Thursday, January 5, 2017

On Guns and Background Checks

This morning, I encountered two studies examining guns and background checks. The first examined school shootings, finding that 154 shootings occurred between 2013 and 2015. Using newspaper articles from that time period, as well as publicly available data, they found that school shootings were less likely to occur in states with background check laws, higher expenditures on mental health care, and higher expenditures on K-12 education.

Based on these data, we might be able to conclude that if guns are more difficult to get (i.e., background check), they're less likely to be used for school shootings. This would suggest background checks are a good thing - as is mental health treatment and education, of course. Unfortunately, the second study I read was based on a national survey of how many people were able to purchase guns without a background check. And they found that 22% of people surveyed were able to purchase a gun without such a check. When you look at private sales between individuals (which includes gun shows), that number jumps to 50%. Even in states that regulate private gun sales, 26% said they were able to purchase a gun without a background check.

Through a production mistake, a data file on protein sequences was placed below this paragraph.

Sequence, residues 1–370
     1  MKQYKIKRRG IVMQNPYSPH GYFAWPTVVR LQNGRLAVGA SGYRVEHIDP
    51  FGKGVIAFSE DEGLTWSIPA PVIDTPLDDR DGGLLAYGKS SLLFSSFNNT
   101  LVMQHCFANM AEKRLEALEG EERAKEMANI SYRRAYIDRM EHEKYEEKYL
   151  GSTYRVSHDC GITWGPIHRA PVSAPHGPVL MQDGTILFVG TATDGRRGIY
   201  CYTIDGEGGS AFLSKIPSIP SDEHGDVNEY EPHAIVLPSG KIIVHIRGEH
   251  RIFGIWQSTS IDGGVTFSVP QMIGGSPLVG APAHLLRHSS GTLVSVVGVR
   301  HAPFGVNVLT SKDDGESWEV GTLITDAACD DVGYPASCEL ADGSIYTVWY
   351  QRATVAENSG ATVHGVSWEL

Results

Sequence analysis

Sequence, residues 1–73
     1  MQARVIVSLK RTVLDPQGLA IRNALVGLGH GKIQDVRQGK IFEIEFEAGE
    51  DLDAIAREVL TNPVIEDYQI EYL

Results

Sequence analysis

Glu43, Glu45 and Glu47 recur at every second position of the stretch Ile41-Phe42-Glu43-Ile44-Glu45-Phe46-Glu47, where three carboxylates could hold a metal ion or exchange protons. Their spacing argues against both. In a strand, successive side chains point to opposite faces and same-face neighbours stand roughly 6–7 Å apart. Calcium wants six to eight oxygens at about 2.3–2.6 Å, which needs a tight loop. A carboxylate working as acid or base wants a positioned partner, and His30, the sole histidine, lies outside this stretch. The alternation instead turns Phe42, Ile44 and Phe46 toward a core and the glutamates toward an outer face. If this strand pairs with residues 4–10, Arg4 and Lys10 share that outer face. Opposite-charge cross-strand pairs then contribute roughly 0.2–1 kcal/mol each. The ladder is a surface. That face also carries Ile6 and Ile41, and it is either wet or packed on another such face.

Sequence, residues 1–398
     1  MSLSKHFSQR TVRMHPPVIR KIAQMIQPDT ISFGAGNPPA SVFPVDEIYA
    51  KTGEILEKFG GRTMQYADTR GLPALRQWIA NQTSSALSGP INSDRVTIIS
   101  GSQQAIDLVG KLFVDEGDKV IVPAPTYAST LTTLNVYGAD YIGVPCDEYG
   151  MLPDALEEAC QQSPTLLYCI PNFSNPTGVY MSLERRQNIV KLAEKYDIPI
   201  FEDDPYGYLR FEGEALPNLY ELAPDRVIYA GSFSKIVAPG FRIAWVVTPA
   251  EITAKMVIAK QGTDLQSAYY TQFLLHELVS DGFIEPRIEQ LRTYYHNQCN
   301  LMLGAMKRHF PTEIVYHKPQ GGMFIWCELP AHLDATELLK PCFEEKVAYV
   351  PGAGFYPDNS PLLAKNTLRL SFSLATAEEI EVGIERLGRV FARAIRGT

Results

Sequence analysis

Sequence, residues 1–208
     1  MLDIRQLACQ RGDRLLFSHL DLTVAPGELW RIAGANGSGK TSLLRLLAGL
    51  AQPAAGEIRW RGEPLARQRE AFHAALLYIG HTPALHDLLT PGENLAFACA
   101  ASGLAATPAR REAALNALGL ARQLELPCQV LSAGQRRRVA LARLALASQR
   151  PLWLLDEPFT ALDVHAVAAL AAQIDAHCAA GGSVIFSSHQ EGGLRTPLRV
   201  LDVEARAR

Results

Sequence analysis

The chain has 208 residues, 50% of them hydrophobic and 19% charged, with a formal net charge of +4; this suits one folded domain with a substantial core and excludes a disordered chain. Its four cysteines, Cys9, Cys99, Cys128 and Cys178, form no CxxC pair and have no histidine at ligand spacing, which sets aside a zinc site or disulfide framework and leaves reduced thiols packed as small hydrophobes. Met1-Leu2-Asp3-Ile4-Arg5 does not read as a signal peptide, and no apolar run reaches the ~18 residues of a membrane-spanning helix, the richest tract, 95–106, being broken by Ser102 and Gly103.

As the article points out, the previous figure from 1994 data suggested that 40% were able to purchase a gun without a background check. So these new data suggest improvement. But considering the lives that could be saved from background checks, that's still a lot of guns that could be in the hands of people who really shouldn't have guns in the first place.

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